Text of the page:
Anal­y­sis: Travel ban shrunk in scope

The Detroit News - - Front Page - BY JILL COLVIN AND ALICIA A. CALDWELL Associated Press

Washington — With Pres­i­dent Don­ald Trump’s travel ban on the verge of tak­ing ef­fect Thurs­day, the White House was declar­ing a vic­tory on the first ma­jor pol­icy push of his pres­i­dency. But it could not have been the win Trump imag­ined.

What was once de­scribed as a blan­ket ban on Mus­lims, then be­came a tem­po­rary ban on vis­i­tors from seven ma­jor­ity-Mus­lim coun­tries, is now a list of con­fus­ing new visa re­stric­tions.

All but lost in the five-month edit­ing process and court fight is the pres­i­dent’s stated aim: keep­ing dan­ger­ous peo­ple out of the U.S. Trump billed the tem­po­rary ban on vis­i­tors from cer­tain coun­tries and refugees as an ur­gent and nec­es­sary tool to keep out would-be ter­ror­ists while the gov­ern­ment crafted new “ex­treme vet­ting” pro­ce­dures.

But five months and no ban later, the ad­min­is­tra­tion has made lit­tle ef­fort to build a stronger case and of­fered scant new ev­i­dence to back up its claims.

The re­stric­tions that will take ef­fect Thurs­day, re­in­stated tem­po­rar­ily by Supreme Court, are a far cry from Trump’s ini­tial ex­ec­u­tive or­der, which sparked protests, chaos at air­ports and le­gal chal­lenges in his ad­min­is­tra­tion’s ear­li­est days.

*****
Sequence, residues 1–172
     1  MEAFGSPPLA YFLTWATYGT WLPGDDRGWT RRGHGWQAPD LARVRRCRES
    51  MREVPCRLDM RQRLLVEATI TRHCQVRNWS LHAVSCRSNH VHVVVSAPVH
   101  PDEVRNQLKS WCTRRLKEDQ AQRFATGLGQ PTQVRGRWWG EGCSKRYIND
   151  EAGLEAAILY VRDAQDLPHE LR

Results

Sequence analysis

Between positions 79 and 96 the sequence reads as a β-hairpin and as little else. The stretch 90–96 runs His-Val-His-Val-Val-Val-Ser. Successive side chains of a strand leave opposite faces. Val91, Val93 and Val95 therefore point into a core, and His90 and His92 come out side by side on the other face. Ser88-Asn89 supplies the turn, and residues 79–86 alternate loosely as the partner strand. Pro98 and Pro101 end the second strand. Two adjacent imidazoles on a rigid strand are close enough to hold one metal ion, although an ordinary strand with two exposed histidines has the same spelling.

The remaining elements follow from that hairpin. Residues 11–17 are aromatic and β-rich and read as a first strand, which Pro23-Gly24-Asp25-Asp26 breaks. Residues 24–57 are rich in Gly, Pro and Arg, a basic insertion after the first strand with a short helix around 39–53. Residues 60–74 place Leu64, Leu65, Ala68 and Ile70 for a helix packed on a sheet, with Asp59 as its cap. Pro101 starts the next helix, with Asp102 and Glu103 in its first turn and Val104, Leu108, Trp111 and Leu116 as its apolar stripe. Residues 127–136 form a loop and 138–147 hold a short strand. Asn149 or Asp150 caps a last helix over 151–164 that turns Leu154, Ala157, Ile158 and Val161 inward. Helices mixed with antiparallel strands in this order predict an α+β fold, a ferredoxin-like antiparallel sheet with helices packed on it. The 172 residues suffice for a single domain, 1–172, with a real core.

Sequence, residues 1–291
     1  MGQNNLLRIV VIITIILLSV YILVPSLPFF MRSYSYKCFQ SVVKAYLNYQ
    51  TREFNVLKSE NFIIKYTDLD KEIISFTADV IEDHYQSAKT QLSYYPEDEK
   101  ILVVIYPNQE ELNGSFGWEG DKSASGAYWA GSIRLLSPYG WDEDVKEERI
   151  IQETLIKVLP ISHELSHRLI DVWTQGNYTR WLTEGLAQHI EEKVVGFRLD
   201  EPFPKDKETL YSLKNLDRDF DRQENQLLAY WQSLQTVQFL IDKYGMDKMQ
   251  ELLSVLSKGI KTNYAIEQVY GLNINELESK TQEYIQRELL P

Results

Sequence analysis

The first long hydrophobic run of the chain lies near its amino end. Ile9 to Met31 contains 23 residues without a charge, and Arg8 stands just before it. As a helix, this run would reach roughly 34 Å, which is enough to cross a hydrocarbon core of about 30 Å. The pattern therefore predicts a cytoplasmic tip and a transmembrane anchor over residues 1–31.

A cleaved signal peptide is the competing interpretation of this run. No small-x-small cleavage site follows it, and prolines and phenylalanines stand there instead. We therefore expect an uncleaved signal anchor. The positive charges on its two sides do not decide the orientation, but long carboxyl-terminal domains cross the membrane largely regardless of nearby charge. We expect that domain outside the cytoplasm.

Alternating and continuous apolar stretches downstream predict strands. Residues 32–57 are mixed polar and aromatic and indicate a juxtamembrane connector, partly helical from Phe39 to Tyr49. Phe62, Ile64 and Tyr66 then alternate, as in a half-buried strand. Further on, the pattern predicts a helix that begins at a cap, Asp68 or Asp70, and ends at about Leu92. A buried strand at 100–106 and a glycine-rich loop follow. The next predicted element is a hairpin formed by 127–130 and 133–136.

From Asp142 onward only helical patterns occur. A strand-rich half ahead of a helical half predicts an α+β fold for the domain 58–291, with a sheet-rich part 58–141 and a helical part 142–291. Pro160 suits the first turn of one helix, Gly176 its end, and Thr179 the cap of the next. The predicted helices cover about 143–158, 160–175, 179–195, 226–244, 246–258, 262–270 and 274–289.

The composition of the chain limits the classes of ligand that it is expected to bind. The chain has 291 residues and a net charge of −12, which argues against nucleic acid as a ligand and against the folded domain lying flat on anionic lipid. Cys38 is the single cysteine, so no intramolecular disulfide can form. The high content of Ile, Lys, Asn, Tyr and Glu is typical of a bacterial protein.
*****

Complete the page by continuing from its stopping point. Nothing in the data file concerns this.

The jus­tices’ rul­ing ex­empts peo­ple if they can prove a “bona fide re­la­tion­ship” with a U.S. per­son or en­tity. Un­der State De­part­ment guide­lines, visa ap­pli­cants from six Mus­lim-ma­jor­ity coun­tries will need to show close fam­ily or busi­ness ties to the United States for the next 90 days.

Ci­ti­zens of Syria, Su­dan, So­ma­lia, Libya, Iran and Ye­men with a par­ent, spouse, child, adult son or daugh­ter, son-in-law, daugh­ter-in-law or sib­ling al­ready in the United States could be al­lowed to en­ter.

Jour­nal­ists, stu­dents, work­ers or lec­tur­ers who have valid, for­mal in­vi­ta­tions or em­ploy­ment con­tracts in the U.S. are ex­empt from the ban.

The same re­quire­ments, with some ex­cep­tions, will ap­ply to refugees from all na­tions who are still await­ing ap­proval for the next 120 days.

In a con­fer­ence call with re­porters Thurs­day, only one of five ad­min­is­tra­tion of­fi­cials couched the Supreme Court or­der as a step that will have a marked im­pact on im­prov­ing na­tional se­cu­rity. The of­fi­cials spoke on con­di­tion of anonymity de­spite de­scrib­ing a pub­lic ex­ec­u­tive or­der.

The White House sees the Supreme Court de­ci­sion as a tem­po­rary mea­sure, and is con­fi­dent it will win on the mer­its when the court hears the case later this year.

It re­mains un­clear whether the orig­i­nal ban would have im­proved se­cu­rity. Ex­perts have warned that the pro­posal alien­ated mod­er­ate Mus­lims and turned off al­lies the U.S. re­lies on to fight ex­trem­ist groups.

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